I have a server that, as of the upgrade to 10.04, is now running the "ondemand" CPU scaling daemon. Why would it automatically install this? I don't want my server saving power at the expense of performance.
Ubuntu prior to 18.04
Instead of disabling execution of the
/etc/init.d/ondemand (as suggested by George) script you should use the this command
sudo update-rc.d ondemand disable
To make the init system not start the script, this is the recognized way of doing it! Disabling the exec permission (
sudo chmod -x /etc/init.d/ondemand) might be overwritten if the package is updated.
Ubuntu relocated this script to
ondemand.service which execute
/lib/systemd/set-cpufreq; use this command to disable the service
~$ sudo systemctl disable ondemand Removed /etc/systemd/system/multi-user.target.wants/ondemand.service.
Frequency scaling isn't static. As soon as there is work to do, the CPU hops into action, P states boost up, and everything flies.
It's enabled because it's widely seen as a good thing. Saves you energy (good for your wallet and the environment). Keeps heat down (so important in a server room). And it's pretty unnoticeable.
Moreover on modern Intel chips, if you have scaling on you can use "turbo boost" where one core will run at higher-than-stock speeds for a time. This is very useful for spikes of single-threaded work. Without scaling enabled, you don't get this.
Set all CPUs to performance governor:
for GOVERNOR in /sys/devices/system/cpu/cpu*/cpufreq/scaling_governor; \ do \ echo "performance" | sudo tee $GOVERNOR; \ done
All supported governors by Linux kernel:
- performance Run the CPU at the maximum frequency.
- powersave Run the CPU at the minimum frequency.
- userspace Run the CPU at user specified frequencies.
- ondemand Scales the frequency dynamically according to current load. Jumps to the highest frequency and then possibly back off as the idle time increases.
- conservative Scales the frequency dynamically according to current load. Scales the frequency more gradually than ondemand.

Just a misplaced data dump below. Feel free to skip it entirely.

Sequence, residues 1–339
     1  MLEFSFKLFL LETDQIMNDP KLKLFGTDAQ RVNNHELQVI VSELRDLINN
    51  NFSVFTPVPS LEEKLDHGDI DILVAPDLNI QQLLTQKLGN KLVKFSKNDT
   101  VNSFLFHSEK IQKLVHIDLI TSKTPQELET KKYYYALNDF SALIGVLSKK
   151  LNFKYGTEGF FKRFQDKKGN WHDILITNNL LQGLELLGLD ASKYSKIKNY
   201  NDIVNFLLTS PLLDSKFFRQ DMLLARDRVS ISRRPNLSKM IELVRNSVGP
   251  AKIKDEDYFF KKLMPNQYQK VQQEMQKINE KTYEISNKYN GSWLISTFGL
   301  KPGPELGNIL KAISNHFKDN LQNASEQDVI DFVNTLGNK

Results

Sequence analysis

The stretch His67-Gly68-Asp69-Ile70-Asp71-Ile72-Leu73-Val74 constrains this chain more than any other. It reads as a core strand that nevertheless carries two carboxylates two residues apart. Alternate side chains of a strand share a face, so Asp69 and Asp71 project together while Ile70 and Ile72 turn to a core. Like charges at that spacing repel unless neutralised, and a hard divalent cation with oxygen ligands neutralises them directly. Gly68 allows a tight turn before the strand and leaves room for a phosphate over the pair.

- schedutil Scheduler-driven CPU frequency selection
On some systems, the 'ondemand' governor is unfortunately broken.
This is the case for "Intel(R) Core(TM)2 Quad CPU Q9300 @ 2.50GHz" and kernel 2.6.32-42.
The kernel thinks it can set the frequency individually for each CPU while the hardware actually only allows setting the frequency on groups of several CPUs (e.g. CPU 0 and 1 together, and CPU 2 and 3 together).
You may find out that the kernel isn't aware of this by looking at the /sys/devices/system/cpu/cpu*/cpufreq/affected_cpus files which contain "0", "1", "2", "3" instead of "0 1", "0 1", "2 3", "2 3".
The visible effect of this missmatch is a single-threaded process that starts running full speed on one CPU (the 'ondemand' governor reacts fast), and then, after about 20 seconds (depends on setting details), looses some of its speed.
The reason is the OS, with the 'ondemand' governor, periodically reapplies low freqs on the idle CPUs, not expecting that it will also implicitly change the freq of our busy CPU. It's not even visible when you look at /sys/devices/system/cpu/cpu*/cpufreq/*cur_freq or /proc/cpuinfo, the OS is just not aware of it!
So, on these systems the solution is to switch back to the simple 'performance' governor.
PS: In my case, running the CPUs constantly at their full freq didn't change anything concerning fan noise. I suppose when a CPU is idling, a lower or higher frequency will not have much impact on its power usage.
You could install the rcconf debian tool:
sudo apt-get install rcconf
then disable the "ondemand" service from there.
To make all CPUs run at maximum performance continually on a Ubuntu desktop or server, run:
sudo chmod -x /etc/init.d/ondemand
at the shell prompt and enter your password. This disables the shell script that makes all CPUs run at speed "OnDemand", making them default to full speed (Performance). You will need to reboot for this to take effect.
I have only tested this in Ubuntu Jaunty 9.04, but it should work and not cause any problems on any version of Ubuntu.
I think the Ubuntu defaults are strange for this. A desktop or server should run at full speed, in my opinion.
I have a new processor AMD Athlon II X4 631 (Fusion processor for socket FM1) and it doesn't save any energy whatsoever (I looked it with energy meter)! I don't have a turbo core, so I don't need ondemand setting. Most new processors save enery by themselves.
When benchmarking, there is a little difference, in the range on 1-2%, when comparing ondemand and performance setting.
This is old, but since no one mentioned it, and for the sake of completeness, I will add that the argument how CPU which runs on the maximum speed will waste power, produce heat, fan noise etc. is WRONG.
Almost all modern CPUs, especially Desktop / Server CPUs, will enter deep sleep mode when idle (google race to idle.).
Voltage scaling will probably save more power, so on laptops this could increase running time a little, but on desktop and servers running performance governor will be fine for most of 'normal' users (who don't run server farms or similar.).
I use performance gov with my i7-2600k and the CPU temperature is usually around 30 C.